The talent market for associates is red-hot. We’re seeing record departures and stories of signing bonuses for second-year associates and clerks. Instead of gearing up your recruiting to fill departures, you may want to examine the ways that associates will make your firm a “Stay Firm”, not a “Go Firm”.
A recent Thomson Reuters Report displayed this contrast in turnover rates across large and mid-sized firms.
Stay Firms had relatively low annual associate turnover in 2021. Go Firms had turnover rates as high as 23%. Some surprising additional data from the Thomson study:
- Associates at Stay Firms worked an average of 51 hours per year (1,527 hours) more than at Go Firms (1,476 hours).
- Compensation rates at Stay Firms grew more slowly than at Go Firms (nearly 2% less).
In summary, associates at Stay Firms are not staying for extra money or fewer billable hours. What is the glue that keeps associates at Stay Firms?
Five Talent Retention Practices to Create a Stay Firm
It is not magic dust or glue. Associates stay when there is a binding workplace culture and there are specific talent retention strategies. These practices take partner time and the support of a strong professional development department.
- Ensure that every associate has 1-2 mentoring relationships with a partner. While some firms assign mentors, we suggest that an associate be encouraged to find “natural mentors” – partners who easily take up that role and regularly work with the associate. The professional development team will step in, after 6-8 months, and assign a mentor if an associate has missed the opportunity.
- Train partners and supervising associates in feedback skills and create both upward feedback and supervisory feedback loops. Very few law firms are regarded as having a “feedback culture” – where juniors feel free to give upward feedback and more senior lawyers are skilled at providing constructively critical feedback. In a time when associates are getting regular calls from recruiters, it might take just one or two badly handled feedback sessions (or no feedback at all) for an associate to depart. Lawyers are not naturally skilled in giving feedback, but skill training can build a feedback culture.
- Have a work assignment and workload monitoring system in every practice group. Practice group leaders who study historical work assignment patterns will find that some associates are favored (and soon overloaded) while others are not. Associates are loathe to say “no” to a partner, but they can do so under the cover of a partner-supervised central work assignment system. The professional development team can also help you fairly distribute work to diverse associates and those who are not developing through more challenging work.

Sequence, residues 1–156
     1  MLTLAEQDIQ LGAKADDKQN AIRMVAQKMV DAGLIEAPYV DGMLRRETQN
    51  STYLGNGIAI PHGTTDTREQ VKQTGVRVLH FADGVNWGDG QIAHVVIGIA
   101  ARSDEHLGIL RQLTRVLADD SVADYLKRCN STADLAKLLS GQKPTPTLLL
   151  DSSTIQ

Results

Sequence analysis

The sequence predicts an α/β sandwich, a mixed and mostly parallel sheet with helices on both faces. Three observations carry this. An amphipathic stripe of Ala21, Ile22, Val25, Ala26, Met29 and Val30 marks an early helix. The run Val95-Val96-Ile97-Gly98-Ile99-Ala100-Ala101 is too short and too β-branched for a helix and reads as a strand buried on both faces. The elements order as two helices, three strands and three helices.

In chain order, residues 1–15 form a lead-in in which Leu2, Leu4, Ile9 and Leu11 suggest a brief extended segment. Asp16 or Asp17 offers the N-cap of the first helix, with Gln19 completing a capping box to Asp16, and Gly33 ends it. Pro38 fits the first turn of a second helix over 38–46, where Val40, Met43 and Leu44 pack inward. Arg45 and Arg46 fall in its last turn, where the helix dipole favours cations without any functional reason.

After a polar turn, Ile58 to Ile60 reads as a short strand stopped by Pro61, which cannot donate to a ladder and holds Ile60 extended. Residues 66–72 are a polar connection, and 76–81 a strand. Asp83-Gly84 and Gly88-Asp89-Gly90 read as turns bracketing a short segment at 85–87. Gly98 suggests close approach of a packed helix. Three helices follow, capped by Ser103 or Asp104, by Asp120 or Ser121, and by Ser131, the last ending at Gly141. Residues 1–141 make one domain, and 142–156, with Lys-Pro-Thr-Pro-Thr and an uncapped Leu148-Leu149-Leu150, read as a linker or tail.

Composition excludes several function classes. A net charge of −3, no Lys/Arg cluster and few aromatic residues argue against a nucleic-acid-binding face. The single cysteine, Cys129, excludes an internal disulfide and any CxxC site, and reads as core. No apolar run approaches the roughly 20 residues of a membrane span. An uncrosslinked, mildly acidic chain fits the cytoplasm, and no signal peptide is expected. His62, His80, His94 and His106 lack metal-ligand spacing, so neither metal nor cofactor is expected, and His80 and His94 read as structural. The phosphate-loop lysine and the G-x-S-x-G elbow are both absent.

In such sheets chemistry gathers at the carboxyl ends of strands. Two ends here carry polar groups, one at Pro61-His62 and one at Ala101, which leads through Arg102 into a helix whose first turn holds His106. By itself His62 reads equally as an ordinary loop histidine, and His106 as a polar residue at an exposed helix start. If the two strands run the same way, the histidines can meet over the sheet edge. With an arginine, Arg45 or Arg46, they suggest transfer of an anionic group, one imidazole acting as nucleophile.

These first three practices are supported by data from the AmLaw Mid-levels surveys. Mid-levels are asked if they expect to continue to work in their firm two years from now. Those who say “yes” must believe that they are in Stay Firm. When the survey cross-tabulates those “yes” answers with other questions the data shows that associates stay for these top reasons:
- a strong working relationship with a specific partner
- regular constructive feedback from supervisors
- the assignment of challenging work.
- Tailor your supervision to individual associates. Developing associates seek increasing autonomy. They want you to trust that the work will be done well and on time. At the same time, your concern about client service or a bad past experience with an associate might cause you to micro-manage all associates. To tailor supervision appropriately for associates, start by asking “What do you need from me as a supervisor?” I discussed this approach more fully in https://www.edge.ai/2016/04/tailored-talent-supervision/
- Hold quarterly “stay interviews” and focus on career development and advancement opportunities within the firm. The practice group leader should organize a roster of these interviews, assigning roughly equal associate interviews to all partners and counsel. I suggest quarterly frequency in 2022 because you must assume that “go interviews” are being sought by your competitors every week. The professional development or recruiting department can help with a “stay story” that starts with the annual associate evaluation and helps the associate see that there is potential development in knowledge and skill. It also helps when the firm has a clear path to partnership defined. Finally, partners should open a discussion of ways to achieve work-life balance.
These five practices take partner time, high degrees of communication and firm investment in organization and training. But will you spend any less time and money on lost associate experience, recruitment and new associate development if you are a Go Firm?
60% surveyed associates also said that they have considered leaving for better work-life balance.
Edge Principal David Cruickshank advises firms on growth strategies and lateral integration programs. In addition to being a lawyer with a master’s from Harvard Law School and an LLB from the University of Western Ontario, he is a trained mediator who has taught at the Straus Institute for Dispute Resolution at Pepperdine Law School. He frequently trains partners and associates on management skills like delegation, feedback, managing up and career development. His interactive courses are now online.